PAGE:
Antiques & Flea Markets in Mexico City II

I’ve split my blog posts about antiquing in Mexico City into two, each focusing on different areas of the city, to make it easier to read. My first post, which covers the two nearby markets in the upcoming Roma Norte district, can be read by clicking here. If you’re looking for something more upscale than a flea market, it seems the place to go is the Bazar des Antiguedades (antiques bazaar) in the Plaza del Angel, in the Zona Rosa district near Reforma. Those of you who have read my first post will know that I didn’t buy anything in Roma Norte. Those of you who know me will know how rare that is for me!
The market is set in a large building with covered arcades of small shops and a small square with arched walkways. On Saturdays, all the shops fling open their doors (opening times on other days vary widely, and there’s no promise that they’ll be adhered to!), and the walkways and square fill up with vendors selling from tabletops or rugs. It’s a busy, bustling place to be, with a great vibe. When we arrived mid-morning, there was clearly a lot of trading going on between dealers and regulars, given the conversations. It’s also largely shady, which is a major bonus when most days have blazing sun and reach over 30/86 degrees!
Although it doesn’t look it at first glance, the quality is much higher than the Roma Norte flea markets. Gone are the plastic action figures and ‘junk’, for a start.The shops tend to focus on 19th & early 20th century ‘traditional’ Antiques, including Louis-style and mahogany and walnut furniture with gilt brass mounts, chandeliers, mirrors with ornate frames, traditional ceramics, and cut glass. Having found out in Buenos Aires that most of the colour-flashed and ornately cut glass on sale there was produced there, I suspect much of this was too.
Surprisingly, there wasn’t much Art Deco on offer. I had somehow expected it to be like Buenos Aires, and full of Art Deco and Art Nouveau pieces. Not so, even though there was a few bits of Nouveau, particularly in the form of Gallé cameo glass (Some right, much wrong). This lack will be due to the fact that Mexico didn’t see the economic boom that Argentina did during the 1920s & 30s. If you’re looking for mid-century, retro, or vintage pieces, you’ve come to the wrong place, and possibly the wrong country. Mexicans just don’t seem to rate (or have?) that sort of stuff at all – yet. Only one shop had a display of this type of thing, but even this was limited to one window of Jacobsen chairs of an indeterminate age!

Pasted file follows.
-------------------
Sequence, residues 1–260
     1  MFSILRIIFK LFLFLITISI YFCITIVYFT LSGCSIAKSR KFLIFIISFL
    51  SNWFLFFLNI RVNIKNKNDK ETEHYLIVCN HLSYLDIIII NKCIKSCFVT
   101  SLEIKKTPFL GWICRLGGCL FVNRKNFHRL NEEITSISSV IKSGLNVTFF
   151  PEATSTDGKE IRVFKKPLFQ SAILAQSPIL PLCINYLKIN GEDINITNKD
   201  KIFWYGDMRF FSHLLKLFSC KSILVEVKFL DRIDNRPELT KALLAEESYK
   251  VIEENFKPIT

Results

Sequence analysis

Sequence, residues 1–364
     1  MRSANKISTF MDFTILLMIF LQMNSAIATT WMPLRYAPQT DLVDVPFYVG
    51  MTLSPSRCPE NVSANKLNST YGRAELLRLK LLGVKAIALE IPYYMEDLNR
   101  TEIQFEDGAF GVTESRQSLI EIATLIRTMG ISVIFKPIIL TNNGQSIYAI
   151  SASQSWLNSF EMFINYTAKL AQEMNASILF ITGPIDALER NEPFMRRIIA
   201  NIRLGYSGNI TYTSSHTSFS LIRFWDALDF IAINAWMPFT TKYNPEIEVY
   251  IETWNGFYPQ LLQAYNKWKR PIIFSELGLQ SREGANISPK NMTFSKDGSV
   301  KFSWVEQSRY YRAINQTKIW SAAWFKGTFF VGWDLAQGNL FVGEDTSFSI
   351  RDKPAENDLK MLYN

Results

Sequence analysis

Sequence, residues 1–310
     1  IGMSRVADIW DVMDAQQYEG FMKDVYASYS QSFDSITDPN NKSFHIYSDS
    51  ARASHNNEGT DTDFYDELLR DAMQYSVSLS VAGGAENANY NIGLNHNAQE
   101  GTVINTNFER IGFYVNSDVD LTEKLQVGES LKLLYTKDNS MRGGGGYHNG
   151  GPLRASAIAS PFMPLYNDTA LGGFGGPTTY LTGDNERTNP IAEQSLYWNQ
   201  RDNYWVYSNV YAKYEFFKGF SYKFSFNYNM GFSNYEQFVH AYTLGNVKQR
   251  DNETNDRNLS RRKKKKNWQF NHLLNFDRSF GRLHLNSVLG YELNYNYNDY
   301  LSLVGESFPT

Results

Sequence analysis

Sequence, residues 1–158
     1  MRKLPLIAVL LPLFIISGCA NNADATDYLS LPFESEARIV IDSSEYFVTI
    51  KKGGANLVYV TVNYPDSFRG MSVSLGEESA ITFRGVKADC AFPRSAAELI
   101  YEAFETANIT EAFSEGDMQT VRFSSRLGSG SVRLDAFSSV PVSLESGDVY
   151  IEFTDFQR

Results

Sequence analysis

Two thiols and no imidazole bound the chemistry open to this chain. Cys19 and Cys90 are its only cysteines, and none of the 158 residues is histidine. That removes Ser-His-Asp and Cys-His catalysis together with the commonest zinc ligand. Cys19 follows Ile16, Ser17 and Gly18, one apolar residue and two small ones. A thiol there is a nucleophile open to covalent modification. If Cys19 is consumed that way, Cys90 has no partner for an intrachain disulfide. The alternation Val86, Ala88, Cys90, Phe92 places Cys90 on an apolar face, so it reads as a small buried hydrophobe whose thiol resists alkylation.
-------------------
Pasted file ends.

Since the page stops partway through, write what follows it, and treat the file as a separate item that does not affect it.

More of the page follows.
Having said that, I did spot a few lone pieces at the back of cabinets and around shelves. The first was an Orrefors graal vase by Vicke Lindstrand which, unfortunately had a serious crack running through it. The second was the first piece I actually bought – I spotted this Moser obelisk almost immediately due to the colour. Its asymmetric five-sided form is decorated with inscribed swirls and cut lines, and the base bears the company acid-stamp as well as the acid-stamped symbol for the designer Oldrich Lipà. Standing 12in (30.5cm) high, it’s a pretty impressive thing. The asking price was 4,000 pesos (£190/$300), but for me that was just the start. I came back with a cheeky 2,000 pesos £95/$150) and a grin. Even though he wasn’t in the mood for humour or smiles, we bartered further and I ended up paying my cheeky offer in cash. I think that’s an extremely good deal, but it also made me wonder what he had paid for it! As he packed it up I looked around the rest of his shop and his Gallé, Baccarat, and other pieces seemed to be more correctly priced for a high end shop. Either he didn’t appreciate Moser of the postwar period, or hadn’t spotted the lightly etched marks on the base. Whatever, we shook hands and I went on my way.
Watches seemed to be very popular, and some pretty serious looking trading and swapping was going on. Away from the known brands, there were some interesting look-a-likes (such as copy of Bulova’s famous LED driver’s watch)  possibly produced in Mexico or South America during the period. And a few fakes to0, at least to my eyes. Every time I asked the price of something I liked and thought I could afford, regardless of the quality of the watch, the answer was 2,000 pesos (£95/$150), which must be the ‘Blond Tax‘ that Rodrigo the barman spoke of again. Had my budget been large enough, and were it not for the fact that this was day three of our holiday, I may have treated myself. But condition wasn’t generally great either, and I’m a bit of a fusspot about that with a watch.